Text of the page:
25 October 2018
Special Collections tapestry features in major new Tate exhibition of artist Edward Burne-Jones
Adoration of the Magi was donated to Manchester School of Art in 1895
A tapestry held by Special Collections designed by one of the last Pre-Raphaelite artists Edward Burne-Jones is part of a major new exhibition at the Tate.
Adoration of the Magi, considered to be one of Special Collections’ most important objects, depicts the Biblical story of the Three Kings being guided to the birthplace of Jesus by the star of Bethlehem.
It is the third version of a tapestry produced by Morris & Co – the decorative arts company of William Morris, Burne-Jones and other pioneers of the Arts and Crafts movement.
Originally commissioned in 1886 for an Oxford University chapel, the design was based on a large watercolour Burne-Jones had recently completed for the new Birmingham Municipal Gallery.
It was later reproduced for the Manchester calico printer William Simpson in 1894, who was on the board of the Municipal School of Art (now Manchester School of Art). Simpson gifted the tapestry to the School of Art’s new Arts and Crafts Museum in 1895 and it has remained part of the Special Collections’ Arts and Crafts Collection ever since.
The tapestry features as the last piece in the new Edward Burne-Jones exhibition at Tate Britain, which is open now until February 2019. It could then go on a Scandinavian tour next year.
Janneke Geene, Special Collections Manager, said: “It is a fantastic achievement for Special Collections and Manchester Metropolitan to have such a prominent piece in such an internationally significant exhibition.”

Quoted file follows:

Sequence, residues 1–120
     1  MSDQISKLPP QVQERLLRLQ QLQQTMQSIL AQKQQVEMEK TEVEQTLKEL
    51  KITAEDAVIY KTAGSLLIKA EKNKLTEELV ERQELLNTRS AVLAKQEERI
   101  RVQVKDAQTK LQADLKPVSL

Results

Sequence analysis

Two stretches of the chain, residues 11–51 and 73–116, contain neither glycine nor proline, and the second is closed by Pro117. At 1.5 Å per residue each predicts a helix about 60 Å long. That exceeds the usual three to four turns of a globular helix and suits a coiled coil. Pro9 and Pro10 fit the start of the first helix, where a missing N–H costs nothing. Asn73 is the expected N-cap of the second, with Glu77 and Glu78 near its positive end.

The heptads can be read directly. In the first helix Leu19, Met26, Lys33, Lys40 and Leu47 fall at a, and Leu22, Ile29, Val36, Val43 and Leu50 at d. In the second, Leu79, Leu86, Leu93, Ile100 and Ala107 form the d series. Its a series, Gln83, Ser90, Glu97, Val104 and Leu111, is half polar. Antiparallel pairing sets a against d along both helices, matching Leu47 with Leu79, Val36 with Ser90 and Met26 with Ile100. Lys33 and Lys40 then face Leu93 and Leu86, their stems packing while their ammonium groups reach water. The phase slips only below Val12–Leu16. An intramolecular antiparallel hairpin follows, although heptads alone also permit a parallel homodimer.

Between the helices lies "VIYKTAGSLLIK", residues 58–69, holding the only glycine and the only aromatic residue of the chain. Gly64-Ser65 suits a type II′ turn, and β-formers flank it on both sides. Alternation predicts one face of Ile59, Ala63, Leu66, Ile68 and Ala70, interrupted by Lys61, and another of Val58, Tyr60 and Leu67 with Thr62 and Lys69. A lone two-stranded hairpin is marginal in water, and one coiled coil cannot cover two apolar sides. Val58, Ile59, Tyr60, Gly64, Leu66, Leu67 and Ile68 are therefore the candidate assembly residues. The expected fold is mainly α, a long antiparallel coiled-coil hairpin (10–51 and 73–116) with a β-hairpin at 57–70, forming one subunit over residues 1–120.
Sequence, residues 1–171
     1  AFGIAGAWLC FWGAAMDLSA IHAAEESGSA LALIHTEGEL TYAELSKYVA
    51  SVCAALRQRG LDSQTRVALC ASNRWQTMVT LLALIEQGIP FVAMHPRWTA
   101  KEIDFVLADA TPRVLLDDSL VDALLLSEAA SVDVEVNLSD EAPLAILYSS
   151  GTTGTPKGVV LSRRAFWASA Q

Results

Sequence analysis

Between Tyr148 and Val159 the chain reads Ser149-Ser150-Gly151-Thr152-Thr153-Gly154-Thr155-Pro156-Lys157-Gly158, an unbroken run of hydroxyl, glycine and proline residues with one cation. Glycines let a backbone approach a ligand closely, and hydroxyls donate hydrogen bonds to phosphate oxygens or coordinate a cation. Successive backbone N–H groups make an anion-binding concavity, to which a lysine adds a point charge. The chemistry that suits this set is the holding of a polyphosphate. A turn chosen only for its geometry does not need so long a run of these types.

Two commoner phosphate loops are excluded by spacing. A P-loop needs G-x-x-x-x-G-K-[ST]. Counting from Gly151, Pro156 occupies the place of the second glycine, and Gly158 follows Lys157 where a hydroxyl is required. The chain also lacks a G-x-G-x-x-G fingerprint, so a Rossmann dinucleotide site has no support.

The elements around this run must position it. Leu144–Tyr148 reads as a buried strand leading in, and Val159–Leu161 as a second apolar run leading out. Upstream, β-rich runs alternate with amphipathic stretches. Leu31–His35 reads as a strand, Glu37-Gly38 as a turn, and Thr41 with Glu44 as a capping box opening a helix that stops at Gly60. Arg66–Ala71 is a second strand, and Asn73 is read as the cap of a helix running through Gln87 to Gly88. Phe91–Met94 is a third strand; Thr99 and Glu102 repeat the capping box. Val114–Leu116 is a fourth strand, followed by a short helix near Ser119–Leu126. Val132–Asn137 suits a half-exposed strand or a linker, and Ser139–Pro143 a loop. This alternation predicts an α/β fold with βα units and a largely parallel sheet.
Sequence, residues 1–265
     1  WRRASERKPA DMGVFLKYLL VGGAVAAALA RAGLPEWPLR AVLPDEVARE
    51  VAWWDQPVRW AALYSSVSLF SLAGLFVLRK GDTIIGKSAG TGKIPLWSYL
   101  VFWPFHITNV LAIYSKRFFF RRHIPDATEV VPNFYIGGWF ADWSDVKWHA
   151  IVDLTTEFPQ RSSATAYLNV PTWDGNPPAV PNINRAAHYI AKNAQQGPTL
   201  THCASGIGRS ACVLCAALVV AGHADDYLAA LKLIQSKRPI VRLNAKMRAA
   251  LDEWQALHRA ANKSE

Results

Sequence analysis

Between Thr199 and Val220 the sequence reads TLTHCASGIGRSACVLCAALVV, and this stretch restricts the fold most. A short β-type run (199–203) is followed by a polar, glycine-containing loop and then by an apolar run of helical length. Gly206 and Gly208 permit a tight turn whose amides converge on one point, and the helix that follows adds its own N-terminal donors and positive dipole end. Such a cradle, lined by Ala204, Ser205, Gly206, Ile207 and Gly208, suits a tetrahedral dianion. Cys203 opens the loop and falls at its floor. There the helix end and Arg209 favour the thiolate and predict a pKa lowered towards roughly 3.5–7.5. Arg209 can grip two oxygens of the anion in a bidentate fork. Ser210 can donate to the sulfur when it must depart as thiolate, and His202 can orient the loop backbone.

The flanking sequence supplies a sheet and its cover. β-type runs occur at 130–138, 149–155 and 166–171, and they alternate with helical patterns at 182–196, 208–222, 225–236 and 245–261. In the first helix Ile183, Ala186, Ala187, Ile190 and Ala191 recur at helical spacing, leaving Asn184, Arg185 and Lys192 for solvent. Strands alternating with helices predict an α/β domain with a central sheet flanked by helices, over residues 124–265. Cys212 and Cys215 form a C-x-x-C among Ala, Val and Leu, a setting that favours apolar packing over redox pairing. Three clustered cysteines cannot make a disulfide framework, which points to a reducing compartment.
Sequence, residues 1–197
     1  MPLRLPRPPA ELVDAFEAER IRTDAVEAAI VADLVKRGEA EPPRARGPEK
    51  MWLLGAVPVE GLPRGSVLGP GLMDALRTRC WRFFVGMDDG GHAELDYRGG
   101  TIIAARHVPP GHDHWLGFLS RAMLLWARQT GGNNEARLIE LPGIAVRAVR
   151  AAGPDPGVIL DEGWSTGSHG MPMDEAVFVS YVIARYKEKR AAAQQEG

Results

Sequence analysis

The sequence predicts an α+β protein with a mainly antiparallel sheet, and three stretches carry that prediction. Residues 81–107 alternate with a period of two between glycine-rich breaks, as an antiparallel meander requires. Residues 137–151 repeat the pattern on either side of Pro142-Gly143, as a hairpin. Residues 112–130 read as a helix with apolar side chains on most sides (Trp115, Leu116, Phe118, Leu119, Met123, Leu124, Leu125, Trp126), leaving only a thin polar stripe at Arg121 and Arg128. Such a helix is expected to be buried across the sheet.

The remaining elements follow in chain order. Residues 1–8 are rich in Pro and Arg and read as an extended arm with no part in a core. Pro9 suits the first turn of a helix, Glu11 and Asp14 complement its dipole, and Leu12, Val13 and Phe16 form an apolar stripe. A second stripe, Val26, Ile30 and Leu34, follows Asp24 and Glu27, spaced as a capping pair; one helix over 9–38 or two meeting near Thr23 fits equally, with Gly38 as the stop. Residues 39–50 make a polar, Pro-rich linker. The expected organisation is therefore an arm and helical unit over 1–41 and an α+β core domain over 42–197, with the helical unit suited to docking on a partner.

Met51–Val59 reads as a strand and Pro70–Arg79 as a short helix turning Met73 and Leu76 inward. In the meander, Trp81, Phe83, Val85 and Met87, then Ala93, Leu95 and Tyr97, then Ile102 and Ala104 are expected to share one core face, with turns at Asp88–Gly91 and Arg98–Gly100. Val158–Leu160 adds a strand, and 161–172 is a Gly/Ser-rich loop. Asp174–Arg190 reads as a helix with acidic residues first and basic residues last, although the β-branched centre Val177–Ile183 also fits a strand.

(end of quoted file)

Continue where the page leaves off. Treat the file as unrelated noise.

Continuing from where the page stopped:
To coincide with the exhibition, and also the 120th anniversary of the opening of the Arts and Crafts Museum at the Municipal School of Art, Special Collections is organising a free drop-in Arts and Crafts Discovery Day for staff and students on October 26 (10am-3:30pm, Education Space, Special Collections, All Saints Library)
His first solo show at Tate since 1933, the exhibition “charts Burne-Jones’s rise from an outsider with little formal art training to one of the most influential British artists of the late 19th century”. With over 150 objects, it will bring together major works from across his career.
The Tate website continued: “One of the last Pre-Raphaelites, Edward Burne-Jones brought imaginary worlds to life in awe-inspiring paintings, stained glass windows and tapestries.
“Born in 1833, Burne-Jones rejected the industrial world of the Victorians, looking instead for inspiration from medieval art, religion, myths and legends.
“He made spectacular works depicting Arthurian knights, classical heroes and Biblical angels – working across painting, stained glass, embroidery, jewellery and more. With his friend William Morris he was a pioneer of the arts and crafts movement, which aimed to bring beautiful design to everyone.”